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If you did a great job bedding down your plants for winter, you may not have too much work to do this spring. But if you were a little too busy last fall to do much cleaning up, you will find that you have some work to do. Take advantage of the cool working weather to prepare your gardens so that when spring hits in full-force, you are ready to plant and enjoy.
Cut back spent perennials
One of the first things you will want to do for a good spring clean-up is to clean out your garden beds. If you have any annuals left in your beds that are shriveled and dead, rake them up and dispose of them. Better yet, compost them to use in the future as mulch.
Now is the time to trim perennials and grasses that were not cut back in the fall. You don't want to have this year's plants emerging amongst brown and shriveled stalks. Cut back these dead perennials all the way to the ground.
Some spring-flowering perennials or woody perennials such as hydrangeas don't need to be cut back or may require only selective pruning of browned leaves. The best way to find out what you should and should not cut back is to do your research. If you have Internet access, take advantage of that resource. If you’re stumped by a certain plant, give us a call.
Unwrap trees and shrubs
If you wrapped or tied any tender trees and shrubs, these should now be unwrapped. Warm temperatures and poor air circulation can cause a fungus which will harm the plant, so untie and unwrap all those protected trees and shrubs.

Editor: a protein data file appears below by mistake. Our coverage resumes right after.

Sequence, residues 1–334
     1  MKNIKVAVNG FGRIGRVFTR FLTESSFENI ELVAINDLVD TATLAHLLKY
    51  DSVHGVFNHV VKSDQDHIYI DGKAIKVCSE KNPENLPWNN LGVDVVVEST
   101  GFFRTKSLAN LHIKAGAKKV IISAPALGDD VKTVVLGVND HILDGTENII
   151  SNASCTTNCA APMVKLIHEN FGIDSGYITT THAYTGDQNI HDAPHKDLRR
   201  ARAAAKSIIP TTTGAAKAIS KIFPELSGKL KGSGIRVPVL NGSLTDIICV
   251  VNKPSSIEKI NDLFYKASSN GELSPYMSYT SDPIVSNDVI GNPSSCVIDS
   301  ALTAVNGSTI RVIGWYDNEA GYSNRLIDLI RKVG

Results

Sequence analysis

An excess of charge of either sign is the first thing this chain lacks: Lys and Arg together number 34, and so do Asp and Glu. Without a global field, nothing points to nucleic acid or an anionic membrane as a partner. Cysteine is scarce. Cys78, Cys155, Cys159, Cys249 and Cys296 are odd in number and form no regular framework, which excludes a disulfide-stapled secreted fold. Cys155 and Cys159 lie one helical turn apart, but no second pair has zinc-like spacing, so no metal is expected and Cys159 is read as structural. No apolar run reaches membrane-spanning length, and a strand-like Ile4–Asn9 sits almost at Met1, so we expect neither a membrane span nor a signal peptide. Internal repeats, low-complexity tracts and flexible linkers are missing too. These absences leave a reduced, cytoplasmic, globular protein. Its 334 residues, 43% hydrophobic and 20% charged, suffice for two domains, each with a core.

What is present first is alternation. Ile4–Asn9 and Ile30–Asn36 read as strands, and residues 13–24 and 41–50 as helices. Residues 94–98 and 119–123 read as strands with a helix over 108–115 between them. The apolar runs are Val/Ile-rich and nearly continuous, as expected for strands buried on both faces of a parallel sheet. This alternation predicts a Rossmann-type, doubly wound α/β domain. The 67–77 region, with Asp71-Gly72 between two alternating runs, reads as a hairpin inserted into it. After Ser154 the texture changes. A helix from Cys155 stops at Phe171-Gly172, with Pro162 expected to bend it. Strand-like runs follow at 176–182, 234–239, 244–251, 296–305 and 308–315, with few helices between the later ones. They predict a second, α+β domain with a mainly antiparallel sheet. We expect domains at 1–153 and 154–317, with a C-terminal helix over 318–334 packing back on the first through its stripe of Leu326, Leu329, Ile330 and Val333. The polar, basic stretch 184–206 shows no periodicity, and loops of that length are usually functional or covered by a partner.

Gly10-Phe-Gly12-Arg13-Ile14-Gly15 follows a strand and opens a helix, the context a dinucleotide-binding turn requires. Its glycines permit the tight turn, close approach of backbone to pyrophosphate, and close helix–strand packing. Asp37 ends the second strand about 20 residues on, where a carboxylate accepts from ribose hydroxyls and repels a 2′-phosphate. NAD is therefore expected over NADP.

Trim trees and shrubs
Spring is a time to prune many of the deciduous trees and shrubs. They should be pruned before they break out into leaf and before the sap is running. (Maple, Birch and Walnut trees should be pruned in January or mid-August when the sap is not running.).
Trees are pruned to keep plants healthy and strong, maintain a nice uniform shape, and aid in the production of fruit and flowers. Prune only trees that are overgrown and have lost ornamental value. Pruning trees that don't need rejuvenation is an entirely different process and should be done after blooming.
Early blooming flowering shrubs such as Lilacs, Forsythia, Purple-Leaf Sand Cherry and the Double Flowering Cherry are pruned after they have finished blooming. This is because they have set this year’s flowers last summer and so if you were to prune them now you would be removing many of the flowers. All the other flowering shrubs are pruned now. You want to prune out the old flowers and shear them into a nice uniform shape.
If any of your plants had leaf spot, or any other garden pest or disease, this will likely be carried over in mulch that was left on beds from last season. In addition, if leaves from elsewhere have blown in and settled in your garden beds over the winter, you may have spores or cocoons hiding in your garden.
In theory, you should rake up the winter mulch and dispose of it or compost it (the high temperatures of composting will kill off any diseases). Since this can be tough, time consuming work, you may choose to do it just in certain sensitive areas, like around your roses if they were diseased last season.